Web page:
LANSING (WWJ) – They’re calling for a crackdown. A number of people are making their voices heard in Lansing about the unfettered theft of scrap metal around the state.
Rep. Rashida Tlaib, D-Detroit, was among those testifying before the State House Regulatory Reform Committee in support of House Bill 4593 , which would put more teeth into Michigan’s Nonferrous Metal Regulatory Act.
“Stolen scrap like missing man-holes [covers], railroad weights, stop signs, guard rails, public lighting, phone lines, put our residents in grave danger,” said Tlaib. “Not only that, but the theft is tearing apart the communities with stolen church and cemetery ornaments.”
Tlaib said Michigan is ranked tenth highest in the nation for the number insurance claims resulting from scrap metal theft.
Also testifying Tuesday was Rep. Paul Muxlow, R-Brown City, who said, just days after being arrested, scrap metal thieves are back on the street stealing again in his district.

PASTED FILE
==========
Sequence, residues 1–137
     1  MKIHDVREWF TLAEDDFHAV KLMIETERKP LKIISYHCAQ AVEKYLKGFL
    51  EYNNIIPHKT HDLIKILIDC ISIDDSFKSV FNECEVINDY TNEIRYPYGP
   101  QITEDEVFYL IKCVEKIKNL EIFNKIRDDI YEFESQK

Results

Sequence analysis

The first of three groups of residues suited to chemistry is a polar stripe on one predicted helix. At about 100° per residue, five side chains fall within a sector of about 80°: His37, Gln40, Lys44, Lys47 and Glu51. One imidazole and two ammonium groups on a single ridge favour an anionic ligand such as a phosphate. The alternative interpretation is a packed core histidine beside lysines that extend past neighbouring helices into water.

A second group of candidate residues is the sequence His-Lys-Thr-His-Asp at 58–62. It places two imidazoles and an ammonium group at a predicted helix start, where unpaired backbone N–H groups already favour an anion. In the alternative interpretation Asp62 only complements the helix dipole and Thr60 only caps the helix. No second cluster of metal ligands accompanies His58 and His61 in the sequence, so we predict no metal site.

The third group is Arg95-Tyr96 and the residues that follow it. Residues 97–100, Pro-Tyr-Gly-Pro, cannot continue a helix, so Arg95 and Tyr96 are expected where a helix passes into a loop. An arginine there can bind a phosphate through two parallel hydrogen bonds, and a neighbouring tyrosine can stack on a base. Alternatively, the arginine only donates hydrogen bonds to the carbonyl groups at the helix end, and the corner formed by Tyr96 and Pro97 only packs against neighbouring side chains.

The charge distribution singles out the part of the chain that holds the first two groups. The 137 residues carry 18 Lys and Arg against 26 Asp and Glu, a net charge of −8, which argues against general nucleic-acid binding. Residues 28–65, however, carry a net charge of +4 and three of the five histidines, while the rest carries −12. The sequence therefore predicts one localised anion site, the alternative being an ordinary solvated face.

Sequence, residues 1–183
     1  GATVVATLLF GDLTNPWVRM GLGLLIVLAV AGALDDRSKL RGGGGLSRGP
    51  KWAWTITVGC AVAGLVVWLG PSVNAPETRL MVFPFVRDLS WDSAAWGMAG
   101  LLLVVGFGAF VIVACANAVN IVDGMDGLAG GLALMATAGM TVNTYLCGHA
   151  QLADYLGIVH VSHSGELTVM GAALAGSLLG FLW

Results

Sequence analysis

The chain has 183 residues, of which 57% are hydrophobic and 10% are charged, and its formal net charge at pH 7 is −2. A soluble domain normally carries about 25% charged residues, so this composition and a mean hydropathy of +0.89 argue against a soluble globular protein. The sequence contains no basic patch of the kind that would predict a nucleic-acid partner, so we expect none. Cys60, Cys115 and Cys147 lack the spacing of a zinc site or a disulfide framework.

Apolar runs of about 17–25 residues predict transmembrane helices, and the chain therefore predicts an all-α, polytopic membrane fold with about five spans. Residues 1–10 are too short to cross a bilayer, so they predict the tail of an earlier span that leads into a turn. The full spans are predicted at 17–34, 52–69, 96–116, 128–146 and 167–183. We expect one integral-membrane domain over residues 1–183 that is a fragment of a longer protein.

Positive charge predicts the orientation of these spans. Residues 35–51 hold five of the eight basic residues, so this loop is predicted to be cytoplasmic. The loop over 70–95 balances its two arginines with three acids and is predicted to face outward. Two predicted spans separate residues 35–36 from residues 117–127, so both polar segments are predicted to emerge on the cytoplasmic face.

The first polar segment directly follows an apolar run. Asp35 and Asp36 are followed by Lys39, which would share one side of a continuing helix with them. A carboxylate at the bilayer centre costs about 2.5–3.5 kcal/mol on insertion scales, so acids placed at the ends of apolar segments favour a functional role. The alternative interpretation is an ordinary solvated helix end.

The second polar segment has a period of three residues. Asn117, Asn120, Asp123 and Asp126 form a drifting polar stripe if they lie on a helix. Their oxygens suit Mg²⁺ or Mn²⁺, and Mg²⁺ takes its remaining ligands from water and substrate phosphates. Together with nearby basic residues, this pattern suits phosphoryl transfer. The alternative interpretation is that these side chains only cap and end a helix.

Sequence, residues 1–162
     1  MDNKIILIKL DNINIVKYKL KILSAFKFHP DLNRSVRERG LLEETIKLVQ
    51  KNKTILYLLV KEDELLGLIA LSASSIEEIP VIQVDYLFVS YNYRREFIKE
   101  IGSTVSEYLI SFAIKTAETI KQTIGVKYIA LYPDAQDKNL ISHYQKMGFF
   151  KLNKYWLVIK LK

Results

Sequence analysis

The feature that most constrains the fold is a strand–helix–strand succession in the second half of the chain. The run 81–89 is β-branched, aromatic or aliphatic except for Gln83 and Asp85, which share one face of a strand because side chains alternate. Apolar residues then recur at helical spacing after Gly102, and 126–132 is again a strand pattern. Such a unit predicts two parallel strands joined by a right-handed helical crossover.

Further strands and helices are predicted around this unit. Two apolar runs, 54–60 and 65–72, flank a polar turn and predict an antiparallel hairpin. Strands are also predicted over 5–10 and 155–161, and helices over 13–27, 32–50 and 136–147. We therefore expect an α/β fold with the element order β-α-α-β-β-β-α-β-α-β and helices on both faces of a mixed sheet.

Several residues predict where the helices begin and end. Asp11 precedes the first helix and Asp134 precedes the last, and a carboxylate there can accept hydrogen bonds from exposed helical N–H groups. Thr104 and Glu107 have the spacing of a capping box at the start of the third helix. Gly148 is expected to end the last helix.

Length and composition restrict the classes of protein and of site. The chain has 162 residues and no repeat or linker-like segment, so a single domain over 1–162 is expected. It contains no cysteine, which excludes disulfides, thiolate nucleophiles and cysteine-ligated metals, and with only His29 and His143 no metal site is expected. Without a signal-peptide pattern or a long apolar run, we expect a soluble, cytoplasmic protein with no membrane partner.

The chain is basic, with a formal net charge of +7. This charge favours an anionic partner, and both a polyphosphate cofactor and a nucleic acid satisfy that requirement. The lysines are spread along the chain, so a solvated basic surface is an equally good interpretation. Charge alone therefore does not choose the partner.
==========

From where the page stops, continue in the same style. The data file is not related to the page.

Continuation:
“We have people stealing farm machinery, copper plumbing from homes, air conditioners from schools and copper from our wind turbines in the area,” Muxlow said. “If there wasn’t a market for this stuff, it wouldn’t be happening — and that’s why we need to do something.”
Kevin Spitznagel of Norfolk-Southern Railroad says scrap metal thefts from rail lines puts the public safety at risk.
“The … counter-weights that are on the crossing arms. If those crossing arms fail and stay in a horizontal or fail-safe position, the public becomes complacent about those and tend to go around. Now, if they’re not corrected in a timely manner, people — like I said — become complacent and can pull right in front of a train.
Spitznagel said rail thefts have cost Norfolk-Southern more than $100,000. The proposed changes would require photo and written documentation of purchases be kept on file by scrap dealers.
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